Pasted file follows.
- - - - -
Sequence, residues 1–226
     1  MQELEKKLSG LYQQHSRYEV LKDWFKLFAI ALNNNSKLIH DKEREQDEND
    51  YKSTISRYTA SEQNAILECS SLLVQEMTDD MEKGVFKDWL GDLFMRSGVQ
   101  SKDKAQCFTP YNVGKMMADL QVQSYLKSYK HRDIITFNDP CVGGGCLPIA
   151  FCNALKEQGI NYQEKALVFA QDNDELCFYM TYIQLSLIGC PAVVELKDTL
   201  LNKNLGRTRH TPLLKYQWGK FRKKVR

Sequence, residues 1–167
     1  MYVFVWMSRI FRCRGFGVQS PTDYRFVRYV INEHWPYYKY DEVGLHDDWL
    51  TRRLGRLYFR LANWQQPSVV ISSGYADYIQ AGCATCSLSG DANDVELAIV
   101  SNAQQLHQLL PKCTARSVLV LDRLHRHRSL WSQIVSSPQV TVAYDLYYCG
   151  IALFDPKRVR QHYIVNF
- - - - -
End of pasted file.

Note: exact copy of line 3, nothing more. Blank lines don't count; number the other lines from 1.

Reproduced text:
    51  YKSTISRYTA SEQNAILECS SLLVQEMTDD MEKGVFKDWL GDLFMRSGVQ